Once again, I’m thinking about words. (I know, huge shock, huh?) And once again, I’m thinking about the words we use and why we use them, especially where disability is concerned. Now, unlike the other posts in this series, this one is not exactly a call to change the way we speak about disability, simply because the words being focused on are not common descriptors like “retard,” “rehabilitate,” or even “disability,” like the other words we’ve discussed. No–these are actual names, and changing them would take a ton of work and new thought patterns. I’m not sure if those names would ever be changed completely. But the tone of the names do give one something to think about.
What names am I talking about? Well, the title of the post might give you a clue: the names of disabilities themselves. Go over some of them in your head right now. Down’s Syndrome. Fragile X Syndrome. Cerebral palsy. Asperger’s Syndrome. Notice what they all have in common? Right–they’re “downer” names. Their connotations are negative. I mean, the word “syndrome” conjures up images of a tragic, incurable disease. The “fragile” in Fragile X connotes, wrongly, that the person with the disability is fragile, even “broken.” “Palsy” is a word denoting uncontrolled limbs and function, and connoting, once again, disease, lack of control over one’s own body, and basically, something to pity or avoid. And Asperger’s Syndrome–okay, I know that one was named for an actual person, but did anybody ever think of how it SOUNDS? Forget the “syndrome” connotations, as if those weren’t bad enough. The way we pronounce “Asperger’s” conjures images of, as Jodi Picoult’s character with AS, Jacob Hunt, put it, “a grade Z cut of meat…donkey on the barbecue.” Eck.
And even if a disability doesn’t have a fancied-up medical name, most disability names still have a “downer” tone. Why do you think the political correctoids of the universe would rather say “visually challenged” than “blind,” or “hearing impaired” than “deaf?” Part of that, of course, is because they don’t–or don’t want to–understand people first language. But part of it is, the actual names “blind” and “deaf” have been used negatively, even as slurs (as in, “Hey, lady, you blind?” to the driver in front of you), that we felt we had to water them down. So we came up with phrases that include the words “challenged” or “impaired”–phrases that still focus on can’t, not can. I actually wonder if these “alternatives” are worse than the original words.
And how about other disabilities, like OCD, PTSD, ODD–all those? Most psychological disabilities have the word “disorder” attached, which again connotes brokenness, abnormality, or weirdness. For crying out loud, the acronym for Oppositional Defiance Disorder even spells O-D-D! When one considers the awful stigmas still attached to psychological and mental disabilities, one has to wonder why we labeled them with such negative names.
In fact, let’s probe into that question: where did those names come from? Once again, I think you only have to go to one place–the doctor’s office. Okay, maybe two places, there, and medical schools. Once again, I don’t mean to dis the medical community. Heck, if I had the math skills, chemistry skills, and a stronger stomach, I might’ve gone the Michaela Quinn route and become an intrepid lady physician. But the medical community does continue to struggle with a chronic illness–the illness that says disability is unnatural and, at its core, a defect that must be “fixed.” Hence, the names that label, denote, and connote that attitude. And through that come the negative reactions a lot of people with disabilities encounter when they, ahem, “come out of the closet” and admit they have extra letters attached to their names. (I would argue that the population of people with disabilities remains even more “closeted” than the homosexual community, because even though we’re out there, our differences visible, those differences are not given very much graciousness. Some of you might not like this, but I’d argue that the homosexual community at large, in today’s world, gets more grace and–all right, all right!–tolerance than people with disabilities do. Heck, living with a disability can be like living with one’s very own set of scarlet letters.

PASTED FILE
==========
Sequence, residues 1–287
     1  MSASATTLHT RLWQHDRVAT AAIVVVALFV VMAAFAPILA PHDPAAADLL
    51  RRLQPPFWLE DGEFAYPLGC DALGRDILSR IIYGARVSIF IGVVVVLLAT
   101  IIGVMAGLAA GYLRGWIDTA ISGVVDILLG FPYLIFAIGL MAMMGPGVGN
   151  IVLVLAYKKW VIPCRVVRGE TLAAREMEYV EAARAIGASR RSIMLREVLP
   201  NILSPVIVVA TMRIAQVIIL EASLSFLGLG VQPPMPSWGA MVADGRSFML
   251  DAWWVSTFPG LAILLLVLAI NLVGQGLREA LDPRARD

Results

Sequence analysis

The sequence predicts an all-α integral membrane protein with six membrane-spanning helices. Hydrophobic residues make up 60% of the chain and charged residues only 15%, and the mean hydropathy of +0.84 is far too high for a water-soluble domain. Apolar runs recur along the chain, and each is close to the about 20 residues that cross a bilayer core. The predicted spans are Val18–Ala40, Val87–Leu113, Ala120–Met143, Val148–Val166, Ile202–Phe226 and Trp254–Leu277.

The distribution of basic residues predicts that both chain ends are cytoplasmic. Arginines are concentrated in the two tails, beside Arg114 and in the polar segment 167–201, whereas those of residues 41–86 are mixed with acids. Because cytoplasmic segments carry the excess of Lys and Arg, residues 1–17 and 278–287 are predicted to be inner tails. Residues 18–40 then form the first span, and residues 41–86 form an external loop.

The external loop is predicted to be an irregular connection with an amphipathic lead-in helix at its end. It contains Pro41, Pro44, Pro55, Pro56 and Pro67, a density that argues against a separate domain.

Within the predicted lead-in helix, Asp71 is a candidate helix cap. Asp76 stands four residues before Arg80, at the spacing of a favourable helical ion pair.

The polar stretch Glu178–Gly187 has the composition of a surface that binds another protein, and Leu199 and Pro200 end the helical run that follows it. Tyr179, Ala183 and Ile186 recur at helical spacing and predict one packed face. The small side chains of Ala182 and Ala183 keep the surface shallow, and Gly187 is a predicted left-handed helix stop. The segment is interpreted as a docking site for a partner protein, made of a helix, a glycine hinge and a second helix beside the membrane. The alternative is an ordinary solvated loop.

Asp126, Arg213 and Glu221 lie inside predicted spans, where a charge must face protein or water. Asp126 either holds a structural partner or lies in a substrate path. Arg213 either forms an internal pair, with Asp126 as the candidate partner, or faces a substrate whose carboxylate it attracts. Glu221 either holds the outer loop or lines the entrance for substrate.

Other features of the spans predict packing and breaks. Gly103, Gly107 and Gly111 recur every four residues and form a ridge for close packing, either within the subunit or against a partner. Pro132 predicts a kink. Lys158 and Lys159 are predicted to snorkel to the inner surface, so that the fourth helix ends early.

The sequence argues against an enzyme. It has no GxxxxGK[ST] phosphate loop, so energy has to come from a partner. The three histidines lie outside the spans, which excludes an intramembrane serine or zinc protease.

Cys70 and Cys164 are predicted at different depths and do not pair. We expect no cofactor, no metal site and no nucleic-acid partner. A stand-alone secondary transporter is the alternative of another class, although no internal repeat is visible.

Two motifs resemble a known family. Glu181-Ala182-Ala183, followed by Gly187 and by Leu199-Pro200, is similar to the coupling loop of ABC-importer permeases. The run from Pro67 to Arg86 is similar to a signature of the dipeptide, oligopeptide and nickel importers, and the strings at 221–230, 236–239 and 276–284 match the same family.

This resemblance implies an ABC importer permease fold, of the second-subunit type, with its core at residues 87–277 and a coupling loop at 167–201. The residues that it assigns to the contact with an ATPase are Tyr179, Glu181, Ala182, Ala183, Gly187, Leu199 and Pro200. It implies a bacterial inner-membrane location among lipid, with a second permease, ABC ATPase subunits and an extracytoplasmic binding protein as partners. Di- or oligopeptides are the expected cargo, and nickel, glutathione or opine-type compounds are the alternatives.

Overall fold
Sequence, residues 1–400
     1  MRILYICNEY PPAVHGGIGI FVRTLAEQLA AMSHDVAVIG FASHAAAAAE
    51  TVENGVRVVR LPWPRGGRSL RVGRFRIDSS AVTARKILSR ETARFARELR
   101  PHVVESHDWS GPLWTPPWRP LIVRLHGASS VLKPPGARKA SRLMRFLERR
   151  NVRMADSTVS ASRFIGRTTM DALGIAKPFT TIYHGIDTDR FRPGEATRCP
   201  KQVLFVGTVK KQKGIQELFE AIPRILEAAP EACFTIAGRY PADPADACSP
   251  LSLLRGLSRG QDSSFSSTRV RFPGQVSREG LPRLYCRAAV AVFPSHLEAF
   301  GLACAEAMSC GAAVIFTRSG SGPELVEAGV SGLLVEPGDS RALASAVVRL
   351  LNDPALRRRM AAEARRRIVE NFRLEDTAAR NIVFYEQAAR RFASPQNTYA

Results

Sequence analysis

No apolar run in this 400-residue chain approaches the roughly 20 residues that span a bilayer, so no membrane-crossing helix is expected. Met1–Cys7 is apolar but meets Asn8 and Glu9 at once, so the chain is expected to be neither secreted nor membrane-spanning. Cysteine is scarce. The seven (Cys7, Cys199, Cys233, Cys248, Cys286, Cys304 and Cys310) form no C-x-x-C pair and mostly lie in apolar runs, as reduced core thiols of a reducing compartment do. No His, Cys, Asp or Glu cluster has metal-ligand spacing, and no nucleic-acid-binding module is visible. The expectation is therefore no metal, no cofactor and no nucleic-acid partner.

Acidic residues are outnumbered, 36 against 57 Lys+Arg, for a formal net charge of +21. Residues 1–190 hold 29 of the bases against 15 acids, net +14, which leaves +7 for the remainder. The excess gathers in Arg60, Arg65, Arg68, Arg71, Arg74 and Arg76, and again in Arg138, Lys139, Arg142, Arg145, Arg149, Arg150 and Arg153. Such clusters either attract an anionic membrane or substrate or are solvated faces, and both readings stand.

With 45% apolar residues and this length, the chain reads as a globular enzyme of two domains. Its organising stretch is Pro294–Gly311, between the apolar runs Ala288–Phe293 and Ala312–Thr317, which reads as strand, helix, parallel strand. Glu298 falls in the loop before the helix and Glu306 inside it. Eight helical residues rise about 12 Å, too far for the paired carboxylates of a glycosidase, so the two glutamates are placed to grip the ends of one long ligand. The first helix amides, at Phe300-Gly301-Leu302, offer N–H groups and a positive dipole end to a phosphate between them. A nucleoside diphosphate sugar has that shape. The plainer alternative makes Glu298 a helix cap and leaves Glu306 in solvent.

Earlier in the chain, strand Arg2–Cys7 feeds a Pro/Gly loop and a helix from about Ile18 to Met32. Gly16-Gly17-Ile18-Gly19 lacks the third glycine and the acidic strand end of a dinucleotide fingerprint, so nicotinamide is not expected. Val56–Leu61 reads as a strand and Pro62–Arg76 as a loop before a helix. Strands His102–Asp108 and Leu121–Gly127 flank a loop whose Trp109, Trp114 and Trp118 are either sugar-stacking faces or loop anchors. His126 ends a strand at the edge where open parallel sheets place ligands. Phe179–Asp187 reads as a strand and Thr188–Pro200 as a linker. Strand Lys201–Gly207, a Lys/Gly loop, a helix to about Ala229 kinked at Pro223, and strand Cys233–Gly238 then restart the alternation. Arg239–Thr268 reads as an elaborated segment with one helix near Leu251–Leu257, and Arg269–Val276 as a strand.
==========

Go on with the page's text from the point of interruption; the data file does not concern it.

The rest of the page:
Of course, the next question is, okay, what are we gonna do about it? We can, and should, continue to push for disability to be accepted as natural, and change the medical model. But will the medical, “expert-coined” names we’ve always used for disabilities ever change? Honestly, I don’t know. I don’t think anyone does, and I’m not sure what those names would be replaced with. But use your imagination for a minute. Play one of my favorite games with me–the what-if game. What if we came up with positive names and associations for the disabilities in our lives, ones that focused on the people with them, and what they CAN do? Would the world look and sound different? And what would that do for the rest of us?
In honor of my favorite television show (you guys know what it is), I’d like to leave you with another TBAA quote. In the episode “An Angel by any Other Name,” Taylor, an angel with Down’s Syndrome, explains to his hostile neighbor Carolyn that “We are all hybrids,” just like her personally created, gorgeous roses. And it occurred to me as I heard that quote, he’s right. But a lot of us won’t admit that we’re hybrids–that we’ve got beautiful colors, yes, but we’ve also got thorns. And instead of seeing people with disabilities as fellow roses, some of us carry around vestiges of the worldview that says they’re unfortunate, stinky weeds. We even call them “weeds,” through universally accepted names. But what if we didn’t? What if we used names worthy of beautiful hybrid roses instead–the names we’d pick for ourselves?